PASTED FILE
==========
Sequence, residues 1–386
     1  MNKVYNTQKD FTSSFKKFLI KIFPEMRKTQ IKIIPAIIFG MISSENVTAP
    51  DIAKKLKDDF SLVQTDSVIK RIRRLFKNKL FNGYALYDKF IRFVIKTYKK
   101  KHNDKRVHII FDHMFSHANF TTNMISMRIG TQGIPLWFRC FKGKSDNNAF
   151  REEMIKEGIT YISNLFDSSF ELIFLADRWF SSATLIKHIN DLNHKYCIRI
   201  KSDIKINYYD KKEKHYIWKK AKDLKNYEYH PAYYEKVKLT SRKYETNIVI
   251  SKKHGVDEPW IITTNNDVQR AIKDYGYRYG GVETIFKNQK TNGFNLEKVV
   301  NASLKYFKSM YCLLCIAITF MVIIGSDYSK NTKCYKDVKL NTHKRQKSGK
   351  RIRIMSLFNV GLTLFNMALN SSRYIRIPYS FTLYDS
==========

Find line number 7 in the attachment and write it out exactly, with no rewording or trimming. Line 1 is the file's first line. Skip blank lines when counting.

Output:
   251  SKKHGVDEPW IITTNNDVQR AIKDYGYRYG GVETIFKNQK TNGFNLEKVV